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Richard Stefanacci DO, MGH, MBA, AGSF, CMD
Thomas Jefferson University
Jefferson College of Population Health
Vinod Rustgi MD, MBA
Robert Wood Johnson University Hospital – New Brunswick
New Brunswick, NJ
A large proportion of elderly residents in long-term care (LTC) facilities experience significant mental decline as a result of progressive illnesses such as Alzheimer’s and Parkinson’s disease. Associated cognitive and behavioral issues pose serious diagnostic and therapeutic challenges to individualization of care. A highly prevalent, but less recognized change of mental status occurs in a majority of patients with longstanding cirrhotic liver disease as the result of buildup of serum ammonia due to inadequate breakdown of ammonia, leading to toxic effects on the brain. Symptoms of this hepatic encephalopathy (HE) are subtle at first, but over many years progress to impairment in personality, consciousness, intellect and neuromuscular function. This slow progression, as well as the sporadic nature of HE make it difficult to diagnose. This is unfortunate, because most cases of HE can be safely and effectively treated with lactulose and rifaximin, which work in concert at the intestinal level to favor the breakdown, conversion and elimination of ammonia, this treatment combination is supported as a 1A1 recommendation in the 2014 practice guidelines of the AASLD/EASL. For those patients non-responsive to these therapies, several alternative therapies are available. This webinar guides providers through the means by which an interdisciplinary team of LTC healthcare providers can, through knowledge, vigilance and care coordination, identify new cases of HE at an early stage, then implement an individualized care plan leading to remission of HE episodes.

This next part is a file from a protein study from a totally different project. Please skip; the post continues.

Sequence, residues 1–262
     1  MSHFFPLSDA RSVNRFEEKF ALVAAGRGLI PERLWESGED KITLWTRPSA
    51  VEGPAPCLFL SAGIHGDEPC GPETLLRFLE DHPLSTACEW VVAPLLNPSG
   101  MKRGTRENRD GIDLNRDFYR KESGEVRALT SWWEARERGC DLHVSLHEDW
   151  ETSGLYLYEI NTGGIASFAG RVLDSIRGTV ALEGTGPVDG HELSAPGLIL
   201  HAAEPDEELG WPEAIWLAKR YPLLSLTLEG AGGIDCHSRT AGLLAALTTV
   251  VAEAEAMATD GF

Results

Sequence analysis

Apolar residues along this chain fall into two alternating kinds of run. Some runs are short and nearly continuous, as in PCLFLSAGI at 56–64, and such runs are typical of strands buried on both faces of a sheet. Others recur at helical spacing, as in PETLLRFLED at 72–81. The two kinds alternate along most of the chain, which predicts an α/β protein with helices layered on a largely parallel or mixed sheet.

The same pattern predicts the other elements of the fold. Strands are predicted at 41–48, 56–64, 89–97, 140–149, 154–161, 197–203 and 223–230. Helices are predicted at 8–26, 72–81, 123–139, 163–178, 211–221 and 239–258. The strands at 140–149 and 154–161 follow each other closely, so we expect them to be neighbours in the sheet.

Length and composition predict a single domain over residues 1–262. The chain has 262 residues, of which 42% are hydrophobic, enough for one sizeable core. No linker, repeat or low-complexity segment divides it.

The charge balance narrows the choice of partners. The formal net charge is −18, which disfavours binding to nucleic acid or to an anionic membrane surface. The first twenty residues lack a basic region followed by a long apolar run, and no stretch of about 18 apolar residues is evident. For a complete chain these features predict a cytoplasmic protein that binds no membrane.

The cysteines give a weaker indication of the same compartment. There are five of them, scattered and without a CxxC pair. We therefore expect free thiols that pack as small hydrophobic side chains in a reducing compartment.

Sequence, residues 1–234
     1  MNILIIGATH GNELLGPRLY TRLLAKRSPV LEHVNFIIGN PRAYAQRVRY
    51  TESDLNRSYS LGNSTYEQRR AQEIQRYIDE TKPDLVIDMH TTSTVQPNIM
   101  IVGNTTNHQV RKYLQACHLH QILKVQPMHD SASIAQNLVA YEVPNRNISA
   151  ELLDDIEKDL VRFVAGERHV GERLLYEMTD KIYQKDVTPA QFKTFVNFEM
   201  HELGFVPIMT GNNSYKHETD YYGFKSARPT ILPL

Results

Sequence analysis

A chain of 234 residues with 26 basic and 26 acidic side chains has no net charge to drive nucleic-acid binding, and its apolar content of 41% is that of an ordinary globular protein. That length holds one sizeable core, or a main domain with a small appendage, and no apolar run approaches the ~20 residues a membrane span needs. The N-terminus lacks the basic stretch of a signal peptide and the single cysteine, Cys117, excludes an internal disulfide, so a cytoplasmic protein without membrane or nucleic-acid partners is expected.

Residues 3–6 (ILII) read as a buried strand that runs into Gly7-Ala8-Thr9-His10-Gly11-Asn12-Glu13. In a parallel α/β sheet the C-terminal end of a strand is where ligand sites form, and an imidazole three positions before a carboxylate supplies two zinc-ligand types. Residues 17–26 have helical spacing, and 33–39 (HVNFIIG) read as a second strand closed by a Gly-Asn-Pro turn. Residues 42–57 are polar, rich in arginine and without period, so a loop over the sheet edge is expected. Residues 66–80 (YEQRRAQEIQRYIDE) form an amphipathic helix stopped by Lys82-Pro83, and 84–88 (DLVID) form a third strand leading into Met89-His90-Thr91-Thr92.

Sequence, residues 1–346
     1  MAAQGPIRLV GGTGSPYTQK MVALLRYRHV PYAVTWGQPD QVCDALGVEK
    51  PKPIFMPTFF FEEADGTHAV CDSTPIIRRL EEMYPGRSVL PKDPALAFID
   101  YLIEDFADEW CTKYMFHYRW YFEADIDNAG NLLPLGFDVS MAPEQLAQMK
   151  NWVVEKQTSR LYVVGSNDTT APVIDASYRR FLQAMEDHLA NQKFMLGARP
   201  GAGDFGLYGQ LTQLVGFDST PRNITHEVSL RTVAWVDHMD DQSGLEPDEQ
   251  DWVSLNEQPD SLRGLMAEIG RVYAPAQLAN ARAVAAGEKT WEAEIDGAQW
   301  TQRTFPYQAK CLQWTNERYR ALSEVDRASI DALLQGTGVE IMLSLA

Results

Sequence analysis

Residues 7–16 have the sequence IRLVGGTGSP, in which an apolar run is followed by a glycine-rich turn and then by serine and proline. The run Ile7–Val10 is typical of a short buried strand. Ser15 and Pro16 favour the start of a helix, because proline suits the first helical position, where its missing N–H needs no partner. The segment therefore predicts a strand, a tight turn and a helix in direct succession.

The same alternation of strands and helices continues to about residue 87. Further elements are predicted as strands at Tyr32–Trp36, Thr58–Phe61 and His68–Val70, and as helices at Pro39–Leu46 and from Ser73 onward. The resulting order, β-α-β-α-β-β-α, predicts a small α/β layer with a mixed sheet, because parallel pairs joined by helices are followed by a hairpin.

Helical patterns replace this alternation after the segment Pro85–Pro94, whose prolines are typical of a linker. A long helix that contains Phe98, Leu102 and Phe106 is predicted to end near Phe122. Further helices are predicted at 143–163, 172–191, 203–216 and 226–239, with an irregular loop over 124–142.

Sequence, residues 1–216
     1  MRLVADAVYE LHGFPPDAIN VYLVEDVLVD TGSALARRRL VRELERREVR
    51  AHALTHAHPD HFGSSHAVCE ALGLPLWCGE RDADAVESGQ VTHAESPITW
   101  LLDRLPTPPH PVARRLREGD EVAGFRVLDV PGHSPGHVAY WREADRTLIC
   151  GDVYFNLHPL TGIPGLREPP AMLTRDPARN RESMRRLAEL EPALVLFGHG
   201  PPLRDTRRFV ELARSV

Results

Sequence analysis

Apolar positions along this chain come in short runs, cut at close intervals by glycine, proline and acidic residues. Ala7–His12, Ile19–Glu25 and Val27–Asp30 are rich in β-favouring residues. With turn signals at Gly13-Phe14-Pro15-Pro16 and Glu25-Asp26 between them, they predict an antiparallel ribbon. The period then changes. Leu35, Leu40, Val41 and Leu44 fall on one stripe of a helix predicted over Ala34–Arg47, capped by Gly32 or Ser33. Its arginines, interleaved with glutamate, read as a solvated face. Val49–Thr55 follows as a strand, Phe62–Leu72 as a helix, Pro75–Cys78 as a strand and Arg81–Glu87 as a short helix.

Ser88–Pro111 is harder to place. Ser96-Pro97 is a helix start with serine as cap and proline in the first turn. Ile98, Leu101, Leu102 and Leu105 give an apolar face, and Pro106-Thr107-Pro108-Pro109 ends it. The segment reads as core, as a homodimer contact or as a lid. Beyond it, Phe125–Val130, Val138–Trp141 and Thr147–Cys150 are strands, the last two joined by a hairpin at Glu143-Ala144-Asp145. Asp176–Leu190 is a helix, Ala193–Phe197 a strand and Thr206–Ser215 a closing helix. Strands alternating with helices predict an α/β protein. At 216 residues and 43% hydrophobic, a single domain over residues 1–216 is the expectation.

- Understand the prevalence of hepatic encephalopathy (HE) in LTC residents, its pathophysiology, and its effects on mental state
- Develop competence and confidence in diagnosing HE and distinguishing it from symptomatically similar diseases
- Recognize the severity grades of HE (West Haven Criteria) and the symptoms associated with each
- Explain the efficacy and safety of lactulose and rifaximin as mainstay of treatment of HE
- Review alternative and adjunctive treatments for HE, including embolization of portosystemic shunts, diet, exercise, branched chain amino acids (BCAA), l-ornithine-l-aspartate (LOLA), probiotics, liver transplantation and palliative care.
- Identify the roles and responsibilities of the LTC interdisciplinary team in diagnosis and treatment of HE in these patients and develop a process for your facility to implement.
Webinar ID: 533-370-563
Provided by a grant from Salix
1.0 Contact Hour per Webinar
These CE activities are jointly provided by Terri Goodman & Associates collaboratively with NADONA
Terri Goodman & Associates is an approved provider of continuing nursing education by the Texas Nurses Association – Approver, an accredited approver by the American Nurses Credentialing Center’s commission Accreditation This activity is provided through an unrestricted educational grant from Salix.
Participants must complete entire activity. No partial credit will be awarded. Participants must submit a post event evaluation form.
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